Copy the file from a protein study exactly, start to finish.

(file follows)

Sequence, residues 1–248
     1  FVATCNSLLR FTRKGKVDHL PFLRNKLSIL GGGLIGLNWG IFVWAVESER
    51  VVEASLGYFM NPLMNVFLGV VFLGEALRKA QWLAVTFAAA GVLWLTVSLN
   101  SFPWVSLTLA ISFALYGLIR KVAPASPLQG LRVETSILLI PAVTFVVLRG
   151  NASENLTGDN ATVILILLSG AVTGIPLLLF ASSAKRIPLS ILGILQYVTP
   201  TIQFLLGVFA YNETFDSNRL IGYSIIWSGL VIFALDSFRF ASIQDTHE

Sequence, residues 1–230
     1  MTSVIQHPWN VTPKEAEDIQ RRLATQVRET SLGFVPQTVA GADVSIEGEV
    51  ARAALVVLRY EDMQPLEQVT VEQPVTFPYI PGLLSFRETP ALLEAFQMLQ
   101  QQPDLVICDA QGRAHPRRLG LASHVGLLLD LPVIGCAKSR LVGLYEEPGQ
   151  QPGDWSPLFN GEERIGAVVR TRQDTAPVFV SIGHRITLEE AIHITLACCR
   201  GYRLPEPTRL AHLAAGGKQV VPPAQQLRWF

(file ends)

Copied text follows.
Sequence, residues 1–248
     1  FVATCNSLLR FTRKGKVDHL PFLRNKLSIL GGGLIGLNWG IFVWAVESER
    51  VVEASLGYFM NPLMNVFLGV VFLGEALRKA QWLAVTFAAA GVLWLTVSLN
   101  SFPWVSLTLA ISFALYGLIR KVAPASPLQG LRVETSILLI PAVTFVVLRG
   151  NASENLTGDN ATVILILLSG AVTGIPLLLF ASSAKRIPLS ILGILQYVTP
   201  TIQFLLGVFA YNETFDSNRL IGYSIIWSGL VIFALDSFRF ASIQDTHE

Sequence, residues 1–230
     1  MTSVIQHPWN VTPKEAEDIQ RRLATQVRET SLGFVPQTVA GADVSIEGEV
    51  ARAALVVLRY EDMQPLEQVT VEQPVTFPYI PGLLSFRETP ALLEAFQMLQ
   101  QQPDLVICDA QGRAHPRRLG LASHVGLLLD LPVIGCAKSR LVGLYEEPGQ
   151  QPGDWSPLFN GEERIGAVVR TRQDTAPVFV SIGHRITLEE AIHITLACCR
   201  GYRLPEPTRL AHLAAGGKQV VPPAQQLRWF